Catching Pre Spawn Channel Cats
As the spring progresses and the water temperature climbs into the high 40s and 50s the pre-spawn bite starts to increase in a big way. Thinking back to metabolism of a channel catfish the metabolism and food requirement needs increase by as much as 100 percent between 40 and 50 degrees. It is this increase in the need to feed that puts catfish in high gear. During this time the cats start to feed more aggressively. Also during this time the catfish will begin to prefer fresh bait as the dead fish and bait will be eaten up or deteriorated beyond consumption.
Pre-spawn is a time when the catfish tend to feed aggressively feeding along break lines and running current seams. This is an easy pattern to get on because these seams are in all rivers. It is the point where the main channel meets the edge, which extends to the shoreline. In high water this may also be where the traditional shoreline meets with the new high water situation creating a secondary current.
For the best success you want to place your bait just off the deep side of this break line and walk it back into the break. This is the area of least resistance and the catfish use it as a highway for traveling between holes, snags or any other structure where they might hold up for a rest.
This is a situation when I like to use the straight-line method of catfishing. Straight lining does not work all the time but in some pre-spawn situations it can be effective. What you do is set up the anchor of the boat on the high side of a break line. You then cast short casts to the deep side of the break walking it back to the tunnel. With each line you send out a longer cast until you have all your baits in the strike zone straight down the break line.
When a fish hits it will almost always run to the heavier current and out of the way of the other lines. All you do is simply shift the other lines to the back of the boat and reel in the fish. When recasting make sure you remember what place in the order it is or the next catfish may spell some untangling.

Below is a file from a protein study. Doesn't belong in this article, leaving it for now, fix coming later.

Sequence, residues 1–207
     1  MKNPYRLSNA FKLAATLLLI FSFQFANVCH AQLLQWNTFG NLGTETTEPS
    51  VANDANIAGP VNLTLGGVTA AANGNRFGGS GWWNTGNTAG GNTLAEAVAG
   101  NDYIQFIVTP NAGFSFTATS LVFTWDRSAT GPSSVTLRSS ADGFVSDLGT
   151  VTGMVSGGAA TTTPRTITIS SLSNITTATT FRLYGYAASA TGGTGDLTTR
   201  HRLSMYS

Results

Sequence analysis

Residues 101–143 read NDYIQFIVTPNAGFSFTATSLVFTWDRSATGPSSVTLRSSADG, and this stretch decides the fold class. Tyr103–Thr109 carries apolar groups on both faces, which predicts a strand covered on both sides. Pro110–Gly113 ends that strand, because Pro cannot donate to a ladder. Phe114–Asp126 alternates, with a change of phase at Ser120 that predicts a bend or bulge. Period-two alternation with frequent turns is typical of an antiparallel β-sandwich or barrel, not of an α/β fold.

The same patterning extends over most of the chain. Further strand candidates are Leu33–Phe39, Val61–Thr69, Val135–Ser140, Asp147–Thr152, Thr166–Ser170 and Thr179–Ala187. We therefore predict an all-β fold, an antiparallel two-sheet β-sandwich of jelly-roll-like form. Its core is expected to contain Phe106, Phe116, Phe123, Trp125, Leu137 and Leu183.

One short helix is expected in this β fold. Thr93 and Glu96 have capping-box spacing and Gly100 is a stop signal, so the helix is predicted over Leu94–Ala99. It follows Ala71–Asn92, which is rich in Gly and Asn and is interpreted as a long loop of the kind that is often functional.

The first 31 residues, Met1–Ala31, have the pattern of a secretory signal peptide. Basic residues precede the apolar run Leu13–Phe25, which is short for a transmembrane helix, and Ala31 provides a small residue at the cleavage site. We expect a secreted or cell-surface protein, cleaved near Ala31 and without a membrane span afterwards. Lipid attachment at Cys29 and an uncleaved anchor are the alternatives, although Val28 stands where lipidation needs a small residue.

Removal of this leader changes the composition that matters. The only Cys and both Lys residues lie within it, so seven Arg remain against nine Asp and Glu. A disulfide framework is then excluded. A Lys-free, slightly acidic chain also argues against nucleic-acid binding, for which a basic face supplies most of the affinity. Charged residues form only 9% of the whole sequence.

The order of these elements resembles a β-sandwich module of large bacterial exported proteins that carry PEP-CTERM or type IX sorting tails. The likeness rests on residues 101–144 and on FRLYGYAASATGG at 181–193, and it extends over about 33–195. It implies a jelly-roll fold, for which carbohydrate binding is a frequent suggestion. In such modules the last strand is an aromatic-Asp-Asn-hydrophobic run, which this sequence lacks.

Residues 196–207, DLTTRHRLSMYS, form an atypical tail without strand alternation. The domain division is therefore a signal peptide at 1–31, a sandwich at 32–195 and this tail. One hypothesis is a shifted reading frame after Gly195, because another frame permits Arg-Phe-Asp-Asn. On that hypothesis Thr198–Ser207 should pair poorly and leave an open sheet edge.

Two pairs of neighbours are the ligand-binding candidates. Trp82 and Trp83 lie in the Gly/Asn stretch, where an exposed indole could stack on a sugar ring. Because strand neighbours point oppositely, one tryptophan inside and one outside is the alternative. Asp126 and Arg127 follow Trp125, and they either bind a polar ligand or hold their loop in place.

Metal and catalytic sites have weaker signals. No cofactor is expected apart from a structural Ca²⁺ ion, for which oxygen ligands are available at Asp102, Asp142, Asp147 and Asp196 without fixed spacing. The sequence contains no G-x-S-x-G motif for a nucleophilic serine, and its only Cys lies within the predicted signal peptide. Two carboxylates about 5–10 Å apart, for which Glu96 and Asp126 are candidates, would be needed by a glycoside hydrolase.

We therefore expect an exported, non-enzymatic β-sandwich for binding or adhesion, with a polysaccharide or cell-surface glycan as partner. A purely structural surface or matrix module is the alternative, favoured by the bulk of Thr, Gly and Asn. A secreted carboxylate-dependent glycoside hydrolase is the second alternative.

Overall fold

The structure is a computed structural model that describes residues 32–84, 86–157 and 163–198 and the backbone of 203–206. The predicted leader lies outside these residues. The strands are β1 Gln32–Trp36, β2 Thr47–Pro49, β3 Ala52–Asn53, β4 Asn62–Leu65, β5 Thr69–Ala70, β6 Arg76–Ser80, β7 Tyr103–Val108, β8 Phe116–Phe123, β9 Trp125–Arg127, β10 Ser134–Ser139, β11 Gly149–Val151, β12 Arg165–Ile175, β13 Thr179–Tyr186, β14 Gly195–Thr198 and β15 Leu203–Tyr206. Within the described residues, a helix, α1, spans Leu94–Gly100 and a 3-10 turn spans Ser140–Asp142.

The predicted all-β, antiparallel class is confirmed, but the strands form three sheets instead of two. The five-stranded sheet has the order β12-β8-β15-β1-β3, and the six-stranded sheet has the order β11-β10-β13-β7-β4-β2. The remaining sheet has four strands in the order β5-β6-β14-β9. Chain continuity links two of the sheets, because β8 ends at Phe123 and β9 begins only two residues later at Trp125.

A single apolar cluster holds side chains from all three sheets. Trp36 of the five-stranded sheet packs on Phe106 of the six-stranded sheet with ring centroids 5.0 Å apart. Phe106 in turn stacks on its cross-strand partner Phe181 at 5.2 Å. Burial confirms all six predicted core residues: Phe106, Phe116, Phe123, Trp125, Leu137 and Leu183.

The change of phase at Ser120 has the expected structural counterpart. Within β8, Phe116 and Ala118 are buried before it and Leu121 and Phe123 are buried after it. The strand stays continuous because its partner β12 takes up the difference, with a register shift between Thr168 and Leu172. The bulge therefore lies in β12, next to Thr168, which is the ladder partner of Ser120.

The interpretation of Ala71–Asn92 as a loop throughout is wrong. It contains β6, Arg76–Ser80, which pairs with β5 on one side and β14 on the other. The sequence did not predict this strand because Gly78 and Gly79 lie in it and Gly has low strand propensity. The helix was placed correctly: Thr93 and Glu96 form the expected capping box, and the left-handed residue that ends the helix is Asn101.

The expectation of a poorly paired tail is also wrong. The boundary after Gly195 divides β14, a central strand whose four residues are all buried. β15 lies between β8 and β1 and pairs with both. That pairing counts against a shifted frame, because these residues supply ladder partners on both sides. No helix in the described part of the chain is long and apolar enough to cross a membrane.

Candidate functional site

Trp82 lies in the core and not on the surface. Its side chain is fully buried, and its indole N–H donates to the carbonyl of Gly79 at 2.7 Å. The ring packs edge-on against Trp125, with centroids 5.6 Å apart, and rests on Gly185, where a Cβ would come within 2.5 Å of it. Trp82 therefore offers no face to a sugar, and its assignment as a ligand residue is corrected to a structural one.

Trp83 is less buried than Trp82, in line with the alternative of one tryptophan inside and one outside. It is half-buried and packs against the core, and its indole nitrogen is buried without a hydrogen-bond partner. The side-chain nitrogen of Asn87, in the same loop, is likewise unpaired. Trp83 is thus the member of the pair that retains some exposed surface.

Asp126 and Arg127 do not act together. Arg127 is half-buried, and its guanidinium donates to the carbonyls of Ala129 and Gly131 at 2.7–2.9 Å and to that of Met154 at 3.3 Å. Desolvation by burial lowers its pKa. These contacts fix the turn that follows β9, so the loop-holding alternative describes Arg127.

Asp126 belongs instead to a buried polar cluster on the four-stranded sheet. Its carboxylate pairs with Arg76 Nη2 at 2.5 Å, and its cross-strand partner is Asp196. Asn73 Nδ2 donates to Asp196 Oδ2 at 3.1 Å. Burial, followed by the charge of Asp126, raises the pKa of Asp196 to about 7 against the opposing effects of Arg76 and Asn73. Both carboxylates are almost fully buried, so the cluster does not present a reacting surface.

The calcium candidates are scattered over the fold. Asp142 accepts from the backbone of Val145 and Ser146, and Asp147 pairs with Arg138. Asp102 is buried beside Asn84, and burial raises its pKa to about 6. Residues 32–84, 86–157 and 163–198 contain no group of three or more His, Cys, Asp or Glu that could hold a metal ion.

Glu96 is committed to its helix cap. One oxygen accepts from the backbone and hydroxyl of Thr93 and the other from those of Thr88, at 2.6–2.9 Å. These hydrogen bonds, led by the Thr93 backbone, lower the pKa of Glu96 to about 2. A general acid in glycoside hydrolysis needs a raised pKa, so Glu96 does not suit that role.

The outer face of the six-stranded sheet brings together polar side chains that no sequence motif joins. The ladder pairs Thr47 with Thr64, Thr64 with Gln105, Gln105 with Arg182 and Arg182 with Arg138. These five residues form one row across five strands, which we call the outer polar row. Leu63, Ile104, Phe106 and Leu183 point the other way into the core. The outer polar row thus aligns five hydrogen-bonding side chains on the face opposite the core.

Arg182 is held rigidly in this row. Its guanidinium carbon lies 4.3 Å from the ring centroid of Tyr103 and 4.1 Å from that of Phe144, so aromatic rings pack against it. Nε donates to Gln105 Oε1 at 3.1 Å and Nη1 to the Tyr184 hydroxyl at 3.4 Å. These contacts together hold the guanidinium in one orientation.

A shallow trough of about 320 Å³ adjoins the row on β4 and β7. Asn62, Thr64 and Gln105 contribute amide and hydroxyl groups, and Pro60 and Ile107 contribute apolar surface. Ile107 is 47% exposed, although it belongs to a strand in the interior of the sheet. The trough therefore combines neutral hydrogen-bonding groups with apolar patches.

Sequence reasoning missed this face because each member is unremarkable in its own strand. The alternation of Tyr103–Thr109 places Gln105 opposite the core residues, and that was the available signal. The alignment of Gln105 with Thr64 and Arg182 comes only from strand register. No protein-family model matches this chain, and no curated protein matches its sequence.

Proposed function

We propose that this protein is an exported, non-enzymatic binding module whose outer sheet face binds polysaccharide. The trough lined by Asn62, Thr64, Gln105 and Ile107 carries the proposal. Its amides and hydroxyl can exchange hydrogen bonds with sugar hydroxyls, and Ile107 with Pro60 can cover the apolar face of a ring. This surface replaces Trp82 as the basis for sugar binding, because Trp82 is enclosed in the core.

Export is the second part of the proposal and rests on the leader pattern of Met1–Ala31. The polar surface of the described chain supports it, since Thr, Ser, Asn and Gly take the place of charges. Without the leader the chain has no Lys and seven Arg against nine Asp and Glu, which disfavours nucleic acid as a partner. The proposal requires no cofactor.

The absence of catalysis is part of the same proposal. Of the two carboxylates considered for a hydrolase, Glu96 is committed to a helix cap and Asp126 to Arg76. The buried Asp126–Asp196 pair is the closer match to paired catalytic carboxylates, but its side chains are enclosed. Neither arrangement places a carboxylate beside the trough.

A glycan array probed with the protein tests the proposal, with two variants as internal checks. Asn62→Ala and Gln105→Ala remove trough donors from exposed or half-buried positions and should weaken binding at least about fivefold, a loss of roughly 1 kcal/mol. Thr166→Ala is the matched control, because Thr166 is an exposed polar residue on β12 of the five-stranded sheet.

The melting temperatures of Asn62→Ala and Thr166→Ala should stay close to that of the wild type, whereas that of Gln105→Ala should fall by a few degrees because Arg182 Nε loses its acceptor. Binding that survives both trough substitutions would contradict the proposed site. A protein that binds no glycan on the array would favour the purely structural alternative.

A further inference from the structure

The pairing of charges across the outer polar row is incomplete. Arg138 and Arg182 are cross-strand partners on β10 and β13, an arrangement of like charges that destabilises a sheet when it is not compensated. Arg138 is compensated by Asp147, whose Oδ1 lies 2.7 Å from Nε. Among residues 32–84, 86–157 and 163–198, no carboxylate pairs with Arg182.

Before the water temperature reaches 60 degrees areas receiving the most sun during the day can be advantageous to catching these pre-spawn fish. These areas like in the earlier part of spring can warm up just a degree or two and increase the metabolism just enough to spur that feeding frenzy.
While fishing the areas where the sun warms the most is a good bet sometimes when the water is extremely clear it may push the fish to deeper, darker reaches of the current seams or into shady areas near snags.
From the time the water temperature is 60 to the time it edges in on 70 and the spawn begins the channel cats are in high gear feeding and getting ready for the nearing spawn. Most areas of current are now rolling. Fishing can be easy sometimes during this period. However the fish will often turn and make a move downstream to begin finding nesting spots. When this happens there are two options to stay on fish. Option one is to keep fishing aggressively targeting the cats that are not yet ready to spawn. Option two is to slow down your presentation by fishing deeper cut banks near slack water areas and fishing snags near the slower water.
There is one potential hang up that can slow down a pre-spawn bite. A spring cold front, usually in the form of a few cold days matched with rain can cool the water by a few degrees fairly quickly. When this happens the bite will decrease just as fast as it picked up with the rising temperatures. This is not the end of the world. The fish don’t quit feeding they just slow down. The quickest solution to solve this issue is to slow down your presentation and move laterally from your fast water area to a secondary current seam that is not moving as fast. It may also be a good idea to use structure such as snags, rocks, or sandbars more. This quick drop in metabolism will force the fish into an almost shock. This is the time you have to go to them rather than them coming to you.
Spring is a time of excitement in the channel catfish world. It is exciting because it begins right after the long winter and because it almost seems that the catfish are as excited to bite, as we are to catch them. All of the advantages present themselves during this time. The catfish are waking up from the winter, their natural metabolism is coming to life with every degree the water temperature rises and the natural need to feed and procreate is in full swing during this time.
Captain Brad Durick is a nationally recognized catfish guide, seminar speaker, and writer based on the Red River of the North at Grand Forks, North Dakota. http://www.redrivercatfish.com